Could the subconscious be where this unfamiliar stream of data was coming from?

  • Channeling

    In a broad sense, this is exactly what Hill was doing. The real question is channeling to what and to where? His imagination? His subconscious? Another dimension? An energy, perhaps meeting with these characters on another plane, in another realm of existence?

  • One consciousness

    Every mystic ever, spiritual teachers who hold weight, and Quantum theorists posit that there is but one consciousness which our brains simply act as filters (or antennas) to.

    The idea that there is only One Mind is the backbone of Ernest Holmes’ Science of Mind theology.

    Neville Goddard believed that there was only One imagination and that it’s the creative force.

    Dr. Joe Dispenza likens it to a “human Wi-Fi system”.

    Cellular biologist turned spiritual author/lecturer, Dr. Bruce Lipton, points to Magnetoencephalography imaging (or MEG) to lend credibility to the theory that thoughts come from outside of us (MEG’s measure the energy field around the head).

    This runs parallel to what great thinkers and artists have said throughout time when they’ve claimed to be “divinely inspired” or “moved by something outside of them”.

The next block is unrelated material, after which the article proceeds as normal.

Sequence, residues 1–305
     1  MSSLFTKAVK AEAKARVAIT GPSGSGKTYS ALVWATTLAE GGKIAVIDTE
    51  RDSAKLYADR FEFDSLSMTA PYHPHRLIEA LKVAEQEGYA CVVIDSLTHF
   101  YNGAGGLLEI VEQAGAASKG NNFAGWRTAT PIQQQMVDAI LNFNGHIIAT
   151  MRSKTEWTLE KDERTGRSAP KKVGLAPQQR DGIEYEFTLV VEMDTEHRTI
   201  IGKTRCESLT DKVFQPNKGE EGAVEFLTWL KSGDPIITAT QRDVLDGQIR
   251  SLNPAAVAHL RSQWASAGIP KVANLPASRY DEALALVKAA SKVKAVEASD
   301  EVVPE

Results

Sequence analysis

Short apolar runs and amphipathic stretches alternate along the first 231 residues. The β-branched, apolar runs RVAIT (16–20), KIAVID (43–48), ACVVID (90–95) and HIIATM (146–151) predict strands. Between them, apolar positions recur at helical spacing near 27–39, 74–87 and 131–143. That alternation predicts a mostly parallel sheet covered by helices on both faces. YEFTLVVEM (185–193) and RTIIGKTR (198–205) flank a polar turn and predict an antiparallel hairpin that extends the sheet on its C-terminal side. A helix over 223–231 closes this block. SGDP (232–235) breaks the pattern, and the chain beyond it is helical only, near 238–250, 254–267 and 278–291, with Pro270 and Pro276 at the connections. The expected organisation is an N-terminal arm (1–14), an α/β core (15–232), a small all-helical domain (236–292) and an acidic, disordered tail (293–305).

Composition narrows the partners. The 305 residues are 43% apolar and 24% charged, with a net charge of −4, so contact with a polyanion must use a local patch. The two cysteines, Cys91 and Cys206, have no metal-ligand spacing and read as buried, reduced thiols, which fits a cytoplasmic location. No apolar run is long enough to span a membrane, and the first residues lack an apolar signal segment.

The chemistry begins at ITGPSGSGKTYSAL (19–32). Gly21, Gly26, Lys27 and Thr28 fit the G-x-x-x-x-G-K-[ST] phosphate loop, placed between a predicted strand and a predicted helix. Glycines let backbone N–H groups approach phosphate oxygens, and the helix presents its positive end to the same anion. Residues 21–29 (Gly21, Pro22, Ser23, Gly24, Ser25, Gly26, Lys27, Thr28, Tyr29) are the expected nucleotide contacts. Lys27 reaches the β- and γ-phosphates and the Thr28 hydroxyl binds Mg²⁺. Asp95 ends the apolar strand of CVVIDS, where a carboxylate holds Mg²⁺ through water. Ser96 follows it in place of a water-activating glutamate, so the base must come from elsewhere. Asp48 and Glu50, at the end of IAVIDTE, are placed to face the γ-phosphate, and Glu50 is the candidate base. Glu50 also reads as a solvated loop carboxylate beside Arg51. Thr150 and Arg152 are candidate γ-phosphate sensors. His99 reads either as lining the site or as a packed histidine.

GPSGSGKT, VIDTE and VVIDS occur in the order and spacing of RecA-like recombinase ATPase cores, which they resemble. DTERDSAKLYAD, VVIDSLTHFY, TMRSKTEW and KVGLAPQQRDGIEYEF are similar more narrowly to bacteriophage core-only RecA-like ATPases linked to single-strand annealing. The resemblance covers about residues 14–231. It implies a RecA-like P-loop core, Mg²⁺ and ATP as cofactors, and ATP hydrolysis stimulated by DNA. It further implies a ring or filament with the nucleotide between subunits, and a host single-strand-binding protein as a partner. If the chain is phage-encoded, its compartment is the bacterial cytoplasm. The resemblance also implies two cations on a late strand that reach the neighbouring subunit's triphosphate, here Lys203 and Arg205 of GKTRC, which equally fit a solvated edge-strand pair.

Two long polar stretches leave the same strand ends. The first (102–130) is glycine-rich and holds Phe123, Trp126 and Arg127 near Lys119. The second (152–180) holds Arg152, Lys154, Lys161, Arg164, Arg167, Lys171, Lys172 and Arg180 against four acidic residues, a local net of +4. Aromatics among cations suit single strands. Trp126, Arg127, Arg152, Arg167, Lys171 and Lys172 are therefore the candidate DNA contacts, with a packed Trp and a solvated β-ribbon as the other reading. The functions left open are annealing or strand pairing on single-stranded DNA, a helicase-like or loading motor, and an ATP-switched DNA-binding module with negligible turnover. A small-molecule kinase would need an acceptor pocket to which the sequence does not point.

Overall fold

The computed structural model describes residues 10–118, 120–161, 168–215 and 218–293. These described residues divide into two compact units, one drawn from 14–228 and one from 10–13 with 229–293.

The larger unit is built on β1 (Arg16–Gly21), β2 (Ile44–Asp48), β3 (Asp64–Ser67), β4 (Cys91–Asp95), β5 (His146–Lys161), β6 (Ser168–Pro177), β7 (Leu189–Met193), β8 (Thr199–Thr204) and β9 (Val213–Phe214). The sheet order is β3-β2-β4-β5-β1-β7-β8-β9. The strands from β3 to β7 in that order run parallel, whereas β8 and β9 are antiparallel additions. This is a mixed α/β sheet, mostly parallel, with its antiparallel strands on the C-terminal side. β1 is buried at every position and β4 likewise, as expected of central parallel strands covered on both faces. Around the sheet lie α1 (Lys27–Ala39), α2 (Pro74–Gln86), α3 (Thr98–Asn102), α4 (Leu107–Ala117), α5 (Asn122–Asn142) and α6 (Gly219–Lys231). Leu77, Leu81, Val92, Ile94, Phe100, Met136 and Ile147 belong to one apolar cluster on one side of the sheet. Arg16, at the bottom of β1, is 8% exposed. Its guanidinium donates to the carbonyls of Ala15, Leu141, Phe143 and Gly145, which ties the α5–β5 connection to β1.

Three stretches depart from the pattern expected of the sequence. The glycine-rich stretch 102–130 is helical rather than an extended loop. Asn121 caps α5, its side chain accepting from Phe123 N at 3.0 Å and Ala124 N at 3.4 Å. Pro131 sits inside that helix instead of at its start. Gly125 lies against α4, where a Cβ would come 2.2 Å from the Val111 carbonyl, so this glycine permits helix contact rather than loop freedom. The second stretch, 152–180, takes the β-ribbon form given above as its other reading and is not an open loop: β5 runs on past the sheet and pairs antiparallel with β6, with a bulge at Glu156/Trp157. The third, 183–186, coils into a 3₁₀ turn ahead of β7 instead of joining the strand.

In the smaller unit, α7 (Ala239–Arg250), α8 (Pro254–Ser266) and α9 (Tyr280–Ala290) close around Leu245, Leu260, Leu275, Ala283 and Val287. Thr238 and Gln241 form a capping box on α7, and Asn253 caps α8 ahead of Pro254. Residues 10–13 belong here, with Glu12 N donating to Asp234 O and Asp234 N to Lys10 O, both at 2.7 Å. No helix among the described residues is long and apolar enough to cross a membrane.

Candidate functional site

What’s Really Going On?

invisible counselors technique

So, what is really going on with the Invisible Counselors Technique one could only take a stab at. While I remain curious, I don’t think the mechanics are as important as the techniques merit.

To make my point, I’d like to present a closely related practice called “Quantum Jumping”, developed by Burt Goldman.

In Quantum Jumping the practitioner goes into a meditative state to source information from another version of themselves. This is based in the Quantum theory that there are infinite parallel realities which hold infinite versions of ourselves. Burt believes that we can communicate with these Quantum versions of ourselves through Mind.

You may be saying to yourself that this is ridiculous.

Mindvalley CEO and founder, Vishen Lakhiani, certainly thought so. That didn't stop him from making Burt an associate, even publishing his book on the subject. Vishen recognizes Quantum Jumping as a potent exercise in creative imagination.

Whatever your belief is, The Invisible Counselors Technique is a great addition to any personal development arsenal.

Besides, sometimes it’s just better to experience firsthand anyway.